Book Review: Everything Leads to You by Nina LaCour

Posted July 11, 2014 by Stormy in Books / 5 Comments

Everything Leads to You

by Nina LaCour

Everything Leads to You

Original Publication Date: May 15, 2014
Length:304 pages pages
Obtained Via: Library
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A love letter to the craft and romance of film and fate in front of—and behind—the camera from the award-winning author of Hold Still.

A wunderkind young set designer, Emi has already started to find her way in the competitive Hollywood film world.

Emi is a film buff and a true romantic, but her real-life relationships are a mess. She has desperately gone back to the same girl too many times to mention. But then a mysterious letter from a silver screen legend leads Emi to Ava. Ava is unlike anyone Emi has ever met. She has a tumultuous, not-so-glamorous past, and lives an unconventional life. She’s enigmatic…. She’s beautiful. And she is about to expand Emi’s understanding of family, acceptance, and true romance.

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If you asked me to describe Everything Leads to You in one word, I’d pick nice. This is a nice story. It takes some cool themes and runs with them, it has a really interesting take in the movies, and the romance is mostly light, a refreshing take on a YA book with a LGBT character. Nice, however, is not really an amazing word. I appreciated the lightness of the story, but not the easiness of it. Everything in Everything Leads to You just seemed so effortless. I can’t say it’s entirely with out conflict but Emi learns her “lessons” in a coming of age tale in a very straightforward way. Even with the mystery, none of it felt messy enough to me. I think stories can still be light and fun and have a bit of the messiness of real life in them, but Everything Leads to You was lacking in this way.

The best thing in Everything Leads to You was how passionate Emi was about film. I always love a character with passion and talent, and seeing what set designing meant to Emi made me appreciate spaces more. Seeing everything to her eyes, the kind of moods she wanted to create, was nothing short of phenomenal. Even when I thought the story was too tidy, I continued on for this reason alone. It’s a bit unrealistic to think that Emi would have so much involvement with a movie at her age and experience, but that didn’t really affect my enjoyment or the story. I think Everything Leads to You made it quite clear that Emi was talented enough to know what she was doing for the most part, even if she did make some mistakes(and frankly, if she hadn’t made mistakes, I think *that* would put it outside the lines of believability for me).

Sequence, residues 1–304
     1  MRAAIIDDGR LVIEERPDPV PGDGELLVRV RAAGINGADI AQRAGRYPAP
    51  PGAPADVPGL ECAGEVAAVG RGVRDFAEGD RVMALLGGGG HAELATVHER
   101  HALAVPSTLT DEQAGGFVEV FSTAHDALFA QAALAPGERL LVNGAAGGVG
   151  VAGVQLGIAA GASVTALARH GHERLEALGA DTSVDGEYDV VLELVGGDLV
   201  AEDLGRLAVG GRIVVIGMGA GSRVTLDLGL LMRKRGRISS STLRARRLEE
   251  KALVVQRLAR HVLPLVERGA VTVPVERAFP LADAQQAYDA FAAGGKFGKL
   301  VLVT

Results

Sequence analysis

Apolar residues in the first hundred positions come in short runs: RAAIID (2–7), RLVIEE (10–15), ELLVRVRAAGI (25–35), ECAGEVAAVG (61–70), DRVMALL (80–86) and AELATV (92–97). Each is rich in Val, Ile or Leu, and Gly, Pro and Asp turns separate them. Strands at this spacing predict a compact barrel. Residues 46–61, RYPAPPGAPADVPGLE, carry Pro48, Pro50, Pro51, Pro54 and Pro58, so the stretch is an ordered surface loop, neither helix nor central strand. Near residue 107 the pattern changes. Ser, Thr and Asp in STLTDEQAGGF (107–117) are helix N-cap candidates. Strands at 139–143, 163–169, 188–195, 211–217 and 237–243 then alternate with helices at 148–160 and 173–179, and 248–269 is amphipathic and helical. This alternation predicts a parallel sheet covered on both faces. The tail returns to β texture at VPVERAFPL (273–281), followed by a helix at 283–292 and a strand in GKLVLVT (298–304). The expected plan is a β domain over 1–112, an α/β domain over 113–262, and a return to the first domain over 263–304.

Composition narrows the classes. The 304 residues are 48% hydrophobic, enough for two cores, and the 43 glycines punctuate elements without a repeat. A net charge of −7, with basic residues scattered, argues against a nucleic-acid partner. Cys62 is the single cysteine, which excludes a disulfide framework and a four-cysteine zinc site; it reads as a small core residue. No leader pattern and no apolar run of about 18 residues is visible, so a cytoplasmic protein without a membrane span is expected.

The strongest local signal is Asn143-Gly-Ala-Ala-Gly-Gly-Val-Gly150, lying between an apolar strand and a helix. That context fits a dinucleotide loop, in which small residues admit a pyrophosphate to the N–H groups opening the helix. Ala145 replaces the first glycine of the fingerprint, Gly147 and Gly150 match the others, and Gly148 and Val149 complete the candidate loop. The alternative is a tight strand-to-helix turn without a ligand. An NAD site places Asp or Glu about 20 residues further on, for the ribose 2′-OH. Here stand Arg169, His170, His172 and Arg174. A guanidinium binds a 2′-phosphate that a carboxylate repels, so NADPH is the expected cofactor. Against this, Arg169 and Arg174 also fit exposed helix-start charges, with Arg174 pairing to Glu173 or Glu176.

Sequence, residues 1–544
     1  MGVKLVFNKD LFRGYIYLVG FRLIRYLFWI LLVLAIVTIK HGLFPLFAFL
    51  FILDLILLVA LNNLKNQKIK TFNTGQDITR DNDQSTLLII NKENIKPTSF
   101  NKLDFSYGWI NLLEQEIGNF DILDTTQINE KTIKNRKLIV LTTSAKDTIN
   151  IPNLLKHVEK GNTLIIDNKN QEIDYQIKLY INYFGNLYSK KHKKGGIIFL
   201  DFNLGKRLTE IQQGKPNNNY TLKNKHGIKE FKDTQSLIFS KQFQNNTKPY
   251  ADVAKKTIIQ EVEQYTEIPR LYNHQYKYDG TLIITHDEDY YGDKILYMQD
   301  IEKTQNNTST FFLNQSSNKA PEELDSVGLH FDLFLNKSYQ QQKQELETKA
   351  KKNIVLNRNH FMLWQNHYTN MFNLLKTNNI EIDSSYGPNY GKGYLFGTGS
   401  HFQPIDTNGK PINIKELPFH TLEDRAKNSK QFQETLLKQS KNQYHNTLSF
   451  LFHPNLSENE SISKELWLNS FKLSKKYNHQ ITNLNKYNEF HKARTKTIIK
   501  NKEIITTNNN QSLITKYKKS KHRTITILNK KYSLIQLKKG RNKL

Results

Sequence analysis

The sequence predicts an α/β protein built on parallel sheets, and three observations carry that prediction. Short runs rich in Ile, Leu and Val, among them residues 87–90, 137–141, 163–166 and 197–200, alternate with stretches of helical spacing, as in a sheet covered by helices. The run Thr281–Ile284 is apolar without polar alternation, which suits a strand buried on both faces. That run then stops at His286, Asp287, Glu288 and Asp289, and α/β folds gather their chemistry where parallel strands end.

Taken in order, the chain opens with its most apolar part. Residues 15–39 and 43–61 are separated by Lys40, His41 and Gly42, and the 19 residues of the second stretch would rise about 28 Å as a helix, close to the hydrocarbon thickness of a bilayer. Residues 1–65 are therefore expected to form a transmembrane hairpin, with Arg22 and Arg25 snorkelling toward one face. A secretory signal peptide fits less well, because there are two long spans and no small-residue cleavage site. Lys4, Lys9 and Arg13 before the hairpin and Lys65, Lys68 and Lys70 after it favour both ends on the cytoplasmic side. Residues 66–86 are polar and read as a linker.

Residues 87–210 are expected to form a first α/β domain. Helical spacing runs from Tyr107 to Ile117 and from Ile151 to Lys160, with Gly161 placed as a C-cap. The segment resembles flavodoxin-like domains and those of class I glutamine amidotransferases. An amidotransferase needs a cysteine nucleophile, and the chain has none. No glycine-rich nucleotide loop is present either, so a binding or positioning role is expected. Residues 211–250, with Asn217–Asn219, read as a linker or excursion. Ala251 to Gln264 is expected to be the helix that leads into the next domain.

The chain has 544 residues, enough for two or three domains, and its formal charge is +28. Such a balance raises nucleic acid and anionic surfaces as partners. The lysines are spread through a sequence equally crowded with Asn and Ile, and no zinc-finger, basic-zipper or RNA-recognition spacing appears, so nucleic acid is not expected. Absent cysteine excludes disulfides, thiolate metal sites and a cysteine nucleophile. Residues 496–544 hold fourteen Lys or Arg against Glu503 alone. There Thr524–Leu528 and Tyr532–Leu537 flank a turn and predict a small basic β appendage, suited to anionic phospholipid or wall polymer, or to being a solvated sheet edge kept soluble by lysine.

It’s this passion for film that leads to the mystery part of Everything Leads to You. Emi and her best friend discover a letter with instructions from a deceased film star’s house. They decide to follow it, and end up being thrown into the lives of certain people–including Ava.

While I did think most of the plot of Everything Leads to You was too cut-and-dry(while trying so hard not to be), I really appreciated that Ava did not exist as a stand-in love interest. Emi has this realization at one point too–Ava does not exist as a mystery. Her life has not happened in a vacuum, and the girl’s been through some things. Ava has her own flaws and ambitions and past. Emi’s realization of this is really the height of her character growth, and it’s an important lesson to learn.

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While unrealistic and a bit too linear in terms of character growth and emotional development for my liking, I enjoyed Everything Leads to You overall. There are some areas I would have liked to see explored and developed more, but I did appreciate the lightness of the tone and Ava and Emi’s characters. 3/5 cupcakes. 

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3 Stars

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5 responses to “Book Review: Everything Leads to You by Nina LaCour

  1. I love the cover of this one but the premise has had me waiting on some more reviews. So to hear that this one is just nice I think I might hold off for a bit! I do not know if the unrealistic parts would bother me.

  2. I haven’t read this one yet, but I do really want to. I love the cover, and for the most part I’ve heard amazing things about this one. I actually like when books don’t get too messy. Sometimes I feel like there is too much drama in books that feels unrealistic to me.

    • Stormy

      I liked it, but I didn’t love it like most people seem to. I agree about the messy part actually–sometimes books seem to up it for the sake of drama, but in this case I felt there was a lack of conflict plot-wise and character-wise. I didn’t need it to get super dramatic, but I hoped there would have been a little more, at least in terms of character emotion.

    • Stormy

      Yes, the cover is gorgeous–that’s how I felt too! I really like the vibe the cover gives off, I think the artistic part matches the book well.

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